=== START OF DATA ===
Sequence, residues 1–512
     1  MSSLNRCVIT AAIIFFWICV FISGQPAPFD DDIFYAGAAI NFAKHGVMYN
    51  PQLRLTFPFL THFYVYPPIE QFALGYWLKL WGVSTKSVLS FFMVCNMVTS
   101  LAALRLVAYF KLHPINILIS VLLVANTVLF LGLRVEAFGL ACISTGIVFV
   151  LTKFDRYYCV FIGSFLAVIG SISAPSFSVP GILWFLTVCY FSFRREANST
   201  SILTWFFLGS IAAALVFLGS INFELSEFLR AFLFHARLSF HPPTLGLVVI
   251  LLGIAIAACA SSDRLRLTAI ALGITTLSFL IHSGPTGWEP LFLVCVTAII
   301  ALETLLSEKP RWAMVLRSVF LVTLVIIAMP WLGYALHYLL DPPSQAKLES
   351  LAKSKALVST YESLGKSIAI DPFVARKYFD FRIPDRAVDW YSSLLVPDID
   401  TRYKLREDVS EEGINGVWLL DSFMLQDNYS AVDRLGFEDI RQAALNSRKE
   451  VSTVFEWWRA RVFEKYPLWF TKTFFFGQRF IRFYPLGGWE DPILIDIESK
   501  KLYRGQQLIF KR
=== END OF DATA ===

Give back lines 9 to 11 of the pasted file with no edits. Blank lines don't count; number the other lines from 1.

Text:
   351  LAKSKALVST YESLGKSIAI DPFVARKYFD FRIPDRAVDW YSSLLVPDID
   401  TRYKLREDVS EEGINGVWLL DSFMLQDNYS AVDRLGFEDI RQAALNSRKE
   451  VSTVFEWWRA RVFEKYPLWF TKTFFFGQRF IRFYPLGGWE DPILIDIESK